What evidence do you have that Yavin 4 is much closer to Yavin than the Moon is to Earth? I'm genuinely curious, I've never read the novelisations so if it's mentioned there I would be unaware of it.
yavin is slightly smaller, about 10,000km diameter, than earths 12,000km diameter. compare this shot
with this shot
we know that the squadron traveled approximately 200,000km from yavin 4 to intercept the DS. the moon, at its closest point to earth, is about 350,000km from earth. yavin is in the background on our left, the characters right. at that distance, they have already traveled most of the distance to the DS. does that look like 350,000km to you?
And yes, it almost certainly does have an effect. Probably a similar effect that the Moon has on Earth re tides and such. It evidently does not have an effect on surface gravity and all things related to it, since we see it to be a perfectly habitable Earth-like envionment.
true. it would seem to me to be a bit more pronounced, but I'm not an expert on these things.
Ok, that's a source for the number, thank you. Gas giants having higher surface gravity than Earth is perfectly true - and I never said otherwise, so I'm not sure why you bring it up. The point stands that with gas giants size does not automatically equate to mass. Case in point, Saturn has a mass slightly under 1/3 that of Jupiter, but has a mean diameter barely 20,000 km smaller than Jupiter (to be precise, Jupiter mean diameter, 138,000km, Saturn mean diameter, 114,000km). This is partly why Saturn's mean density is about half that of Jupiter - a simple size comparison tells you very little about gas giant planets.
true. I was just surmising that since most gas giants have increased gravity compared to earth, that yavin would be similar.
Yavin won't have much of an impact on the accelerations or velocities needed - anything taking off from Yavin 4 is already in orbit around Yavin by virtue of starting on the moon, which is in orbit. This is why stuff launching from Earth doesn't need to gain ~30km/s of velocity to stay in orbit around the Sun, it already has that velocity from Earth.
would yavins gravity not affect the squadrons orbital path though? if the DS is in a lower orbit like you said, could they not use the gravity to accelerate instead of using up their fuel? like I said, I'm not an expert. thats why I ask the, as some would see them, dumb questions.
That I am fully aware of, I just dislike the expression as it implies physics or parts thereof are subject to belief in them working when this is manifestly not true.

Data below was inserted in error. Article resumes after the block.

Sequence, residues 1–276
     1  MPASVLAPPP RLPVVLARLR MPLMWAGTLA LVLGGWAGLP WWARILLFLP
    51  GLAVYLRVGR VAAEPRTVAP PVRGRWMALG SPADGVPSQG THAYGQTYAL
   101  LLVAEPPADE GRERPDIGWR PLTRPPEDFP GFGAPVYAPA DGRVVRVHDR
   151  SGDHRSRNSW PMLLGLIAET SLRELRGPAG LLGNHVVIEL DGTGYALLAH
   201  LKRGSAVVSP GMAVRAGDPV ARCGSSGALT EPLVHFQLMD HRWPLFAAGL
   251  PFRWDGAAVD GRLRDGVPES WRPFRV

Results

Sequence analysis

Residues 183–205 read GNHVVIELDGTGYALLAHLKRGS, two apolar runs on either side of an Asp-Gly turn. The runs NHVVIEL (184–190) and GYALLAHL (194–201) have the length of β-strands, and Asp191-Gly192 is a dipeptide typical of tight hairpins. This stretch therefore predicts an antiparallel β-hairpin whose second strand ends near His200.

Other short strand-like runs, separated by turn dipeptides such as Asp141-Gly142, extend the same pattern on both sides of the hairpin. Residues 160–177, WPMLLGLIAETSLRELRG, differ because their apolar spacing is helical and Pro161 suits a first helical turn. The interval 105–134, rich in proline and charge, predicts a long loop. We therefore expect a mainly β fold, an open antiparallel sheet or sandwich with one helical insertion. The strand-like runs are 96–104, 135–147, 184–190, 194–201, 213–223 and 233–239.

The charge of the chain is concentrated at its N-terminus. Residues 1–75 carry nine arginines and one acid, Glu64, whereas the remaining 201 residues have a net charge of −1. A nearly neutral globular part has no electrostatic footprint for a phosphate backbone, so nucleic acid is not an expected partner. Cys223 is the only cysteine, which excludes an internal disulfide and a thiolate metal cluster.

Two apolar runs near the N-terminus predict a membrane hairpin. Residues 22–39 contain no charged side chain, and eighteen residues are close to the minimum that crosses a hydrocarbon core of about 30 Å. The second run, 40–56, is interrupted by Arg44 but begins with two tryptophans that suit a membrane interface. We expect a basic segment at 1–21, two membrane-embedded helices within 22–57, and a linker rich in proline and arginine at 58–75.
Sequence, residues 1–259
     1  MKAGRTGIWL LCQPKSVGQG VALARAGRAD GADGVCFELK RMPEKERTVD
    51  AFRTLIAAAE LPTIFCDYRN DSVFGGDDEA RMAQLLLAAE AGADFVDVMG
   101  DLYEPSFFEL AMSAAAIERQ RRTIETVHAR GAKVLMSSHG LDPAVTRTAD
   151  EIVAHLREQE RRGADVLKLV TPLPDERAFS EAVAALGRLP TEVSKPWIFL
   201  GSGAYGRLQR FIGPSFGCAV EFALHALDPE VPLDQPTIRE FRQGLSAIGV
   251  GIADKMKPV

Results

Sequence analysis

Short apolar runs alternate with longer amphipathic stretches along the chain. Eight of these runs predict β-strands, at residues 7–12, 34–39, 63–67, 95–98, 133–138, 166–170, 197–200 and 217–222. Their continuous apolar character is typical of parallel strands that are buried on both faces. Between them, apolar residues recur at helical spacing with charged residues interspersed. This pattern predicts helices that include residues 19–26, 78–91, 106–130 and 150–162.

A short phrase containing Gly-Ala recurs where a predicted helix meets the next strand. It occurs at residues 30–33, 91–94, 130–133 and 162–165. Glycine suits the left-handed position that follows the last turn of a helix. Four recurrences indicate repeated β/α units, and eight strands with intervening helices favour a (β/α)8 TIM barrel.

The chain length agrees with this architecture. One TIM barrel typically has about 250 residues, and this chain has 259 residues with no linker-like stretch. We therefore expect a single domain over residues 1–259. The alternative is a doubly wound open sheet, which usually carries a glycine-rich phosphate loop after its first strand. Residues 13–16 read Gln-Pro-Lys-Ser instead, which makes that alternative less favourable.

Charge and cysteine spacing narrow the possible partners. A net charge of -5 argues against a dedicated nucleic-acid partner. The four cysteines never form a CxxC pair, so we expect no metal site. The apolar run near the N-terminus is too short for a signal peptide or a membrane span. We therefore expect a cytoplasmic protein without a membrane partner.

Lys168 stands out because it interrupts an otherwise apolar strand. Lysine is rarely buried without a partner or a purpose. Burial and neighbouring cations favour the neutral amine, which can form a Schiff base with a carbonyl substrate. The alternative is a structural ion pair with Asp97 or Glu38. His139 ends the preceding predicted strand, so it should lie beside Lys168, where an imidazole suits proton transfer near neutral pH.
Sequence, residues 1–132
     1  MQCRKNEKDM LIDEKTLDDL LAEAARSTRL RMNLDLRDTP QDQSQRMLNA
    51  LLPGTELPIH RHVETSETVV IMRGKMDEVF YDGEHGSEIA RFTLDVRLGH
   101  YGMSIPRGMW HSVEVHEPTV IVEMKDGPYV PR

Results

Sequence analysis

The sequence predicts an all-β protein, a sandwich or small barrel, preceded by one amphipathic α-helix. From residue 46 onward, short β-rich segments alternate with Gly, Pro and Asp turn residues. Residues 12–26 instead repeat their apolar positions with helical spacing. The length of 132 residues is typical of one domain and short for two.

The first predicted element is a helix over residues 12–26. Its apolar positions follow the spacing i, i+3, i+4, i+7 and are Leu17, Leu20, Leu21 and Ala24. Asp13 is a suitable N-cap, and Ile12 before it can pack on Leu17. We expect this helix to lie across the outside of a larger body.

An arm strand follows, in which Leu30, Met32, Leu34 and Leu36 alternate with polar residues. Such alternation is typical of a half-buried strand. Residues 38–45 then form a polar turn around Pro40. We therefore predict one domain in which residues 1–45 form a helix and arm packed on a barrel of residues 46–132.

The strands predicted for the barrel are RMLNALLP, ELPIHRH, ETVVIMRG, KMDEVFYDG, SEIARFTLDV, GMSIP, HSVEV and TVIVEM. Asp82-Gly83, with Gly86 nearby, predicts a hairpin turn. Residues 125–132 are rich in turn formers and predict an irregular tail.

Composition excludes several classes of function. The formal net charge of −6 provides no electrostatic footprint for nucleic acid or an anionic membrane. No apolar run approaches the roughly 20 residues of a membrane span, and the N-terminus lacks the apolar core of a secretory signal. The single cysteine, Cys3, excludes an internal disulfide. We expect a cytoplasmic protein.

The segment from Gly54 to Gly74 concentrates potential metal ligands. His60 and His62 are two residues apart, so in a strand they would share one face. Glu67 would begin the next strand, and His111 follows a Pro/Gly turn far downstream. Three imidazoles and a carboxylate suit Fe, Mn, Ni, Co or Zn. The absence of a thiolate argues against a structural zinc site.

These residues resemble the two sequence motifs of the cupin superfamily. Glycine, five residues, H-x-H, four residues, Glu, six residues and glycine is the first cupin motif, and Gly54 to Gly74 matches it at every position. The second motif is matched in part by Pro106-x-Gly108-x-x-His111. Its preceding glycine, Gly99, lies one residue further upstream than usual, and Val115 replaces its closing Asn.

I guess I did phrase that kind of weird.
On the larger orbital mechanics question, I'm rather interested now. The fighters take off from a moon in a stable orbit. The DS is explicitly said to be orbiting Yavin (voice chatter on the bridge "we are preparing to orbit the planet") and catches up to the moon (or at least to a firing position) quite rapidly. Logically, the DS would be in a lower orbit with a shorter duration. So the fighters have to take off, shed velocity to lower their orbit, close on the DS (or intercept at any rate) and then slow to relative rest with the DS to do battle. That then can do that and a return trip, plus extensive dogfighting, on one fuel load is impressive indeed.
aside from using the gravity like I said above, there are other quotes that have to do with speed/acceleration. like red leader stating "accelerate to attack speed" after they get through the magnetic field. or luke stating "we're going in, we're going in full throttle. that ought to keep those fighters off our backs." if we take quotes at face value, then it would definitely take a lot longer than 5 minutes to make the trip from yavin 4 to the IP with the DS. after all, at full throttle, it took luke over 3 minutes to fire at the exhaust port. with a diameter of 120km, that gives a circumference of 377km. divide that by 180 and you get a maximum of 2.09kps average speed. thats part of the reason that I question wongs "5 minutes from yavin 4 to the DS". it seems to me that he didn't take into account the fact that we see ships taking off, then the scene cuts to the nav table and the 15 minute to firing range call, then to the squadron most of the way to the DS. time is very compressed in the star wars films. how long from the time they took off to the time that the 15 minute call was made? in the current version of the film, that take off scene was leisurely and slow. with me so far?